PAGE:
Top Rated Mizuna Recipes

Esquire Network and Budweiser are hungrily on a mission to find the next best iconic classic in St. Louis, the birthplace of burgers and Budweiser. A new generation is looking to take burgers to a whole new level, and that means a bigger, better, more adventurous experience that dares the taste buds. In this six-part competition series The Next Great Burger, ingenuity is on full display as backyard barbecue kings and up-and-coming culinary hopefuls have a shot to showcase their perfected version of one of the nation’s greatest obsessions: the burger.Judge and co-host chef JJ Johnson, Chef de Cuisine at both The Cecil and Minton's in Harlem, shares his rendention of the next great burger.
View Recipe
5

Thai Beef Salad
The summer going into my junior year of high school, I spent six weeks traveling around Thailand. Other Asian countries offered the same sort of immersion program I was on, so I really couldn’t tell you why I chose Thailand in particular. All I remember is that my dad didn’t want me to go, which turned my idea into an obsession. That was eight years ago, and I have been plotting my return ever since. Until I can carve out a chunk of time to rival my first excursion, I’ve been channeling my interest in Thai culture into the constant cooking and eating (well, mainly eating) of the country’s food. I took my first cooking class ever in Chiang Mai, and when I returned home, I continued to practice my Pad Thai, Spring Rolls, Chicken with Cashew Nuts, Green Curry, and Papaya Salad with the little twine-bound cookbook we had been given at the end of the course. The few dishes not included in its pages were some of my favorites: spicy meat salads like Laab and Yam Neua from Isaan, where I spent two weeks living with a family in a small rice-farming village. Luckily, the flavors could live on in my mind through the many sub-par Thai take-out joints on St. Mark’s Place. But recently, thanks to a contest for your Best Beef Salad on Food52, I began experimenting with a bastardized version of my two favorites — Green Papaya Salad (Som Tum) and Spicy Beef Salad (Yam Neua). The two are usually eaten in tandem at the table, alternated between mouthfuls of sticky rice, and are dressed with the classic Thai combination of lime juice, fish sauce, sugar, and just as much chile as you can stand. Both Som Tum and Yam Neua are usually set atop a small bed of undressed shredded lettuce, which acts more like a garnish than a base. I chose to use mizuna, which is normally found in Japanese cooking, to give the beef an extra peppery bite. — Phoebe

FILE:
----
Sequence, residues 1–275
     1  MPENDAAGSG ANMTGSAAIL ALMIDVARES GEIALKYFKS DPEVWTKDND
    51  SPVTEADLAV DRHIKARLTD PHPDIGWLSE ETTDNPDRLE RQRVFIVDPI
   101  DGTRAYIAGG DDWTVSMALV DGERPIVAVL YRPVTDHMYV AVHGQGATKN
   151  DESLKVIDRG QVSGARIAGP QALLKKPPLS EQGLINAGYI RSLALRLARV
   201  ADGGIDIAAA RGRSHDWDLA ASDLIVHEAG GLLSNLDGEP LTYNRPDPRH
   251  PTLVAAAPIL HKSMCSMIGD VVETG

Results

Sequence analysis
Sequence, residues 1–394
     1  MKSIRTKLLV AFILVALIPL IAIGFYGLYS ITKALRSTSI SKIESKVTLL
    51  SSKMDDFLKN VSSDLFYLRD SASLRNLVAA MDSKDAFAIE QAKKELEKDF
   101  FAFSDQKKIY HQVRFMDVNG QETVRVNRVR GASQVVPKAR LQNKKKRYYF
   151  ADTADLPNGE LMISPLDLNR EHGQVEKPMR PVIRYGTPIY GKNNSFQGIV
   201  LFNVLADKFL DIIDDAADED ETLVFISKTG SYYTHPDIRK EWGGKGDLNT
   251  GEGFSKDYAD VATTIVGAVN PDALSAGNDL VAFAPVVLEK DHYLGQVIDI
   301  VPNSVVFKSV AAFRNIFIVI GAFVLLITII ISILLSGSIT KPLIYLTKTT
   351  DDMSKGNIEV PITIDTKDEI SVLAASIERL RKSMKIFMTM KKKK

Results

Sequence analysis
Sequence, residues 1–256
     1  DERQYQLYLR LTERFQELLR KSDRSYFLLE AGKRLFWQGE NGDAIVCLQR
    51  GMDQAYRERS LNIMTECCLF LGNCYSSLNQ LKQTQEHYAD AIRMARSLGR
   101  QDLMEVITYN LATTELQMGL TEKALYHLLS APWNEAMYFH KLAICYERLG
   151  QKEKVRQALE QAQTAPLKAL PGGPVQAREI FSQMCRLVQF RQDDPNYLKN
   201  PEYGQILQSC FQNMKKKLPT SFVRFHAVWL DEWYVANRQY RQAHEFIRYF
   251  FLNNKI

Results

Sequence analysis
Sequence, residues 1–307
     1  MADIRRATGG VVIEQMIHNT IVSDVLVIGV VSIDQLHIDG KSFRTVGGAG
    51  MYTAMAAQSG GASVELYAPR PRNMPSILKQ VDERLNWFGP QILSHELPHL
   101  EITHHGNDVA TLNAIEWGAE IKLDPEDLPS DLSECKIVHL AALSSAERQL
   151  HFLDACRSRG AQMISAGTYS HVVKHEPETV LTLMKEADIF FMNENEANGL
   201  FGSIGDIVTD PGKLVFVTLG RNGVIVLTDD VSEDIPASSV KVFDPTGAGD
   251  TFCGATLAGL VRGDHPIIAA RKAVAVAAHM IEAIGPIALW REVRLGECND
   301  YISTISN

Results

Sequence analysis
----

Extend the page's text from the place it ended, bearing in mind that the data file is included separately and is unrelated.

View Recipe
4

Hazelnut and Lobster Cannelloni
This recipe's a bit of a project, but it's no ordinary cannelloni recipe. How could it be — the addition of lobster elevates any dish from the normal into something truly special. Hazelnuts make their way into each component of the dish, from the pasta dough, to the filling, vinaigrette, and glaze. See all hazelnut recipes.
View Recipe
3

by
Jorge Rodriguez
0

by
Carianne
Mizuna is a yummy Asian mustard green. Adapted this recipe from www.epicurious.com
0

by
Anonymous
Ingredients: 1 pound duck gizzards 1/2 pound carrots cut fine julienne 1/4 cup red wine vinegar 1 teaspoon dried oregano 1 teaspoon salt 1 teaspoon poppy seeds 2 leeks rinsed clean 5 tablespoons virgin olive oil divided 1 teaspoon sugar 1/4 cup ...
0

by
Frank Bonanno, Denver, Colorado
0

by
Melissa Clark
This stir-fry gets its hit of green from bok choy and mizuna, a Japanese salad green.
0

by
Molly Stevens
The classic BLT gets a fresh new spin with crispy pancetta, delicate mizuna, and zesty garlic aioli.
0

by
dicentra
This is from the Feb 2007 issue of Vegetarian times. They say "Tatsoi cabbage has small, heart-shaped, green leaves that are beautiful in salads. Mizuna, another Japanese green called for in this main-dish salad, has feathery leaves and a peppery flavor. Both are worth seeking out, but if you don’t come across them, simply substitute napa cabbage and watercress."
0